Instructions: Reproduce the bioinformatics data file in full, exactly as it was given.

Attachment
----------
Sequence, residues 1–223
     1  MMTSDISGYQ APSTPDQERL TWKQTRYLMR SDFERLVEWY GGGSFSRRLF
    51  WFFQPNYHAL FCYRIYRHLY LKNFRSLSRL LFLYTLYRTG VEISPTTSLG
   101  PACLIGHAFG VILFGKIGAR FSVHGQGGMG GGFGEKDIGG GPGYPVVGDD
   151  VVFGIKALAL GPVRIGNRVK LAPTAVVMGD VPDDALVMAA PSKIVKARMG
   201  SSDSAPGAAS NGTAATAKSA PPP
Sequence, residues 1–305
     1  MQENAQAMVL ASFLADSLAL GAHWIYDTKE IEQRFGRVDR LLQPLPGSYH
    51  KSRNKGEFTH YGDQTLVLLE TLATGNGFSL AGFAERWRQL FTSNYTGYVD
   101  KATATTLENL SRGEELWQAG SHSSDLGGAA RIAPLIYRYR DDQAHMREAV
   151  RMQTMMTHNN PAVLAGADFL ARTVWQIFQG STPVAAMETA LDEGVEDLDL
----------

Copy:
Sequence, residues 1–223
     1  MMTSDISGYQ APSTPDQERL TWKQTRYLMR SDFERLVEWY GGGSFSRRLF
    51  WFFQPNYHAL FCYRIYRHLY LKNFRSLSRL LFLYTLYRTG VEISPTTSLG
   101  PACLIGHAFG VILFGKIGAR FSVHGQGGMG GGFGEKDIGG GPGYPVVGDD
   151  VVFGIKALAL GPVRIGNRVK LAPTAVVMGD VPDDALVMAA PSKIVKARMG
   201  SSDSAPGAAS NGTAATAKSA PPP
Sequence, residues 1–305
     1  MQENAQAMVL ASFLADSLAL GAHWIYDTKE IEQRFGRVDR LLQPLPGSYH
    51  KSRNKGEFTH YGDQTLVLLE TLATGNGFSL AGFAERWRQL FTSNYTGYVD
   101  KATATTLENL SRGEELWQAG SHSSDLGGAA RIAPLIYRYR DDQAHMREAV
   151  RMQTMMTHNN PAVLAGADFL ARTVWQIFQG STPVAAMETA LDEGVEDLDL